Saturday’s promise of hotter temperatures and the potential for sundowner winds did not fully materialize. Yet on the eastern perimeter, every effort was being made to establish containment line and to continue burning out operations back to the west, eliminating any possibility of the fire racing downhill in the evening and reaching Highway 101.

The major concern is that increased heat and reduced humidity into Sunday will cause the northern part of the fire line to explode uphill towards Santa Ynez Peak and possibly spew cinders east into Las Llagas and Gato canyons. Fortunately, this did not happen Saturday; the temperatures weren’t that bad, the wind was non-existent, and the sundowners didn’t hit until after 7 p.m., providing loads of time to prepare for them.

Dozer and engine crews worked feverishly in these two canyons along with Las Varas Canyon further east in preparation for burning out the brush should sundowner winds bring the fire back down canyon in the evening. On the crest, an aerial assault began with the goal of running a five-mile-long strip of retardant just below the crest, should the fire begin an uphill run. In addition to the tankers, crews also are actively brushing out the dozer lines along Camino Cielo and clearing the perimeter of Santa Ynez and Broadcast peaks to protect the mulit-million dollar electronic equipment housed there.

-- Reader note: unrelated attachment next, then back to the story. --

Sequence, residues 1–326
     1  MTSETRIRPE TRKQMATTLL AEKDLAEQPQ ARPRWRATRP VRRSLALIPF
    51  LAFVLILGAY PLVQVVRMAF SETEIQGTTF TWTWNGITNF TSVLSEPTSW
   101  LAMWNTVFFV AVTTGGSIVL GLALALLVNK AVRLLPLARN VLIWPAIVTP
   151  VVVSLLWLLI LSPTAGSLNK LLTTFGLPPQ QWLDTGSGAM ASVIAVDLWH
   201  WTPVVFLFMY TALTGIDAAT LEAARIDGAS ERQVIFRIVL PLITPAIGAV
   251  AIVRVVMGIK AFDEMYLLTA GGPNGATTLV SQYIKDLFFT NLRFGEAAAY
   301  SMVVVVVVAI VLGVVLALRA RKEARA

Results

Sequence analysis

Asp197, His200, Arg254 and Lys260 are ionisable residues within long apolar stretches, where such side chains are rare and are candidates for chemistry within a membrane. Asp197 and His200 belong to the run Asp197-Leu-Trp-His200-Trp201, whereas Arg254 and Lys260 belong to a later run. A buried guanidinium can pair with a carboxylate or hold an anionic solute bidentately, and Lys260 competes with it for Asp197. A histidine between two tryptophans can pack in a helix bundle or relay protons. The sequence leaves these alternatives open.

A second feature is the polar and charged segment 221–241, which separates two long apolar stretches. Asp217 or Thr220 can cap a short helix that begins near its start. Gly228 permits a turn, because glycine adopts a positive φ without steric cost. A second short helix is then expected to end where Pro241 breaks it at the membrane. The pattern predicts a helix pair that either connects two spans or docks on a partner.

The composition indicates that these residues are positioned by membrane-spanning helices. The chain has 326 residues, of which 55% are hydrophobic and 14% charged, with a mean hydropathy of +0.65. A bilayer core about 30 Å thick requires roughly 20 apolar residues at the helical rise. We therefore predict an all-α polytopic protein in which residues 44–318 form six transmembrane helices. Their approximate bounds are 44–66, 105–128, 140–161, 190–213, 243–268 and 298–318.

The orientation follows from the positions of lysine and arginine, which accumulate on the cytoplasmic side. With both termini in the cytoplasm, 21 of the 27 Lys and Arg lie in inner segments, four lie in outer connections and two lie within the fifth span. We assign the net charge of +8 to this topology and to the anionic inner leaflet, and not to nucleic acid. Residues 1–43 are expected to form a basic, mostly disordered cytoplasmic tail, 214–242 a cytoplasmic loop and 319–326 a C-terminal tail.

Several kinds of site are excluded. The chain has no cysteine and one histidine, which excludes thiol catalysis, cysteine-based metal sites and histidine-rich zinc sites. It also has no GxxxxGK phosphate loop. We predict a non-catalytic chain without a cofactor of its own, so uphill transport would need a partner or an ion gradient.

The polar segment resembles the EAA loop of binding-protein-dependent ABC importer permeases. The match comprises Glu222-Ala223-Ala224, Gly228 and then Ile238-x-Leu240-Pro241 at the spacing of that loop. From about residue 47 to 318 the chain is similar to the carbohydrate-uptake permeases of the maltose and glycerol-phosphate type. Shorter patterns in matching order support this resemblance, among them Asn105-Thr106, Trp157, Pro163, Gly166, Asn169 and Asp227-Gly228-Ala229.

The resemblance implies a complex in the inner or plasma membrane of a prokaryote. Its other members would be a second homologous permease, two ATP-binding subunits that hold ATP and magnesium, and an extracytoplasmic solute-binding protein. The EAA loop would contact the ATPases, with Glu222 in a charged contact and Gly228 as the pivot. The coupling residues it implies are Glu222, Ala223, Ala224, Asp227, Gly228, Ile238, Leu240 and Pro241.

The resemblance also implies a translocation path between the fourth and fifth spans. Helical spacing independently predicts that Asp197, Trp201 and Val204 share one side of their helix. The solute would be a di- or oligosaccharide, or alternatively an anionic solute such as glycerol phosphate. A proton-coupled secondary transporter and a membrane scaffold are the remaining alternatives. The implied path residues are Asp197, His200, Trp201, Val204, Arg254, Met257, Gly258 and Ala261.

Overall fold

Sherpa Fire Holding as Hot Weather Looms

Officials keep wary eye on expected 90-plus temperatures and eastern flank burning in direction of Goleta.

Daybreak Sunday brought the welcome news that the fire had not grown during the night, and remained at 7,811 acres burned and 45-percent contained.

Gusty sundowner winds did kick up in the late afternoon and continued into the night, but only a section of vegetation high up in El Capitan Canyon seemed to be burning with any intensity, and smoke levels overall were much less than previous nights.

That section, below West Camino Cielo, remained active Sunday, and was expected to be a main focus for firefighters, according to Brendan Halle, a public information officer for the fire.

Air tankers and helicopters spent most of the day Saturday laying down lines of retardant as part of the effort to bring the blaze to containment. And that will continue Sunday.